Leona's father came to the Rangely area in 1885 from Texas, and her mother arrived in 1899 after her marriage. They purchased a ranch on the White River. There were twelve to fourteen families in the area when Leona and her sister (Ruby Rector Kirby) and brother were children. She talks about: her mother's childbirths, community dances at their house, winter activities, musical instruments, play, school, work, and clothing. Leona discusses: cooking, baking bread, eating their own cows, hogs, chickens, turkeys, staples, washing clothes, home remedies (Ute Indians), and diseases. She talks about relations with the Ute Indians who came by their house during hunting season. She and her siblings attended high school in Grand Junction. Leona attended Western State College for three years and then married Clarence Hinricks. Her husband worked in oil fields in Wyoming and near Craig (Iles Grove). She taught in rural schools for seven years. They had one son. She talks about teaching one winter at the Moropas one room school. She later worked as an office manager. She worked outside the home for thirty years. Leona died in 1995.
Jennie's parents came to Rangely in 1926 with nine children. They homesteaded on Little Foundation in 1931, thirty miles from Rangely. Jennie was born in 1930. The family eventually had eleven children, but two died with "crib death," and one was a still birth. Her mother didn't have a doctor for some of them. She talks about her mother doing the work inside and outside the house: irrigation, milking, and feeding cows. Jennie talks about medical care in a very rural area: broken bones, scarlet fever, and the doctor who came from Meeker for emergencies. Jennie discusses big winter snows and cold, and riding to school on horses. Her mother home schooled the children some years. Her mother eventually got her B.A. and Master's degrees and taught in the Rangely schools for twenty years. Jennie finished high school in Rangely. Jennie talks about the house they lived in on the ranch, sometimes sleeping three to a bed in the two room house. Later they built a new house, and the children slept in the old house. Jennie also talks about what they did for entertainment, and travel away from the ranch.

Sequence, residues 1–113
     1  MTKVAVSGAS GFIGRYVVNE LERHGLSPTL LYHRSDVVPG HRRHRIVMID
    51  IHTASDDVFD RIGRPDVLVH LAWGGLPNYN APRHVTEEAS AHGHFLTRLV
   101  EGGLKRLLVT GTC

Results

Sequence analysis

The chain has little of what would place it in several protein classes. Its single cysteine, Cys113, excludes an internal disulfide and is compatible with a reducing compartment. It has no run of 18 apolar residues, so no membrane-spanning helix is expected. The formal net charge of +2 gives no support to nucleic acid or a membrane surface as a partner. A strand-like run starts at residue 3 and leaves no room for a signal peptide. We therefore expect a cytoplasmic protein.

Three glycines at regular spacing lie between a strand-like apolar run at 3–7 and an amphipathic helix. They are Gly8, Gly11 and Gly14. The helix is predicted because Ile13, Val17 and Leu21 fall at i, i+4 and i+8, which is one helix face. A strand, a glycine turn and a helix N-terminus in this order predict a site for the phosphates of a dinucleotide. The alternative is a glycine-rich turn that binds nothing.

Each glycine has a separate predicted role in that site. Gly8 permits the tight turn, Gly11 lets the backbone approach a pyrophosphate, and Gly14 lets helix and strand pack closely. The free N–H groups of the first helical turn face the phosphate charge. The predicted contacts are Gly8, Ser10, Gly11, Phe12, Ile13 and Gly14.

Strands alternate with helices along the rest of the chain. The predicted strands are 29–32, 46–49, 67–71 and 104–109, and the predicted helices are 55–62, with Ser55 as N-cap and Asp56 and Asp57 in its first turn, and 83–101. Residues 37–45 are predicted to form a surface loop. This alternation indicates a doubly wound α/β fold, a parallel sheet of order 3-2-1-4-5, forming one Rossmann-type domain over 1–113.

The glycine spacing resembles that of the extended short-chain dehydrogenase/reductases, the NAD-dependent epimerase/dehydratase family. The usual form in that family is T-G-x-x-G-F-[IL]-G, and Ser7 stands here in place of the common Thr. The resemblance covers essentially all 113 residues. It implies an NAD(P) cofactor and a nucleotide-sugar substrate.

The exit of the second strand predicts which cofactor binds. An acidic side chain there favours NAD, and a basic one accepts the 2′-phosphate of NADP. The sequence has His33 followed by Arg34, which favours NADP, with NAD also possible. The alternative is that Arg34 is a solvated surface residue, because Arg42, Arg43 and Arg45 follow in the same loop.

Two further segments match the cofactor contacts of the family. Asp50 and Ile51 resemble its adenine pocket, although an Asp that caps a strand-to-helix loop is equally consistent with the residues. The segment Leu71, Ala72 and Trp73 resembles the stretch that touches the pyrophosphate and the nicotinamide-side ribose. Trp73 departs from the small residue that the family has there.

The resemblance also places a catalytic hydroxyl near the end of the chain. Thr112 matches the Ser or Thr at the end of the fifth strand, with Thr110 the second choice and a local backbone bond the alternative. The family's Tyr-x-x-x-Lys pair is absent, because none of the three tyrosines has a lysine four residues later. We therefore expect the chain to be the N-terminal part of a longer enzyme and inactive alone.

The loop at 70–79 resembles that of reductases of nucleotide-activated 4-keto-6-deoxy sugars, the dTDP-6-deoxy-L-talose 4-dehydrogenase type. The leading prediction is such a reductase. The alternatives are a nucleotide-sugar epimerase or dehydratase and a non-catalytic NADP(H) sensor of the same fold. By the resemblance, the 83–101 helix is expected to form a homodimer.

Rosamay was born in 1898 on a ranch near Juniper Springs. Her mother, Bell, lived as a young woman in Maybell and the town may have been named after her and her sister, May. Rosamay's father was the foreman on the K-Diamond Ranch and there were no nearby neighbors. She and her sister rode horses and played with dolls. After her father died, they moved to Maybell where her mother owned a drugstore. She describes visiting an Indian camp at Cross Mountain. Rosamay also talks about: clothing for school, riding, home remedies, and dances. Her education ended after one year in high school for financial reasons. She later went to business college and worked for three years before marrying. Her husband, George Savage, was the chief of police in Boulder, Colorado. When he retired they bought a ranch near Rangely and she joined the Home Demonstration Club. She had no children. She enjoyed textile painting and quilting. Rosamay died in 1993.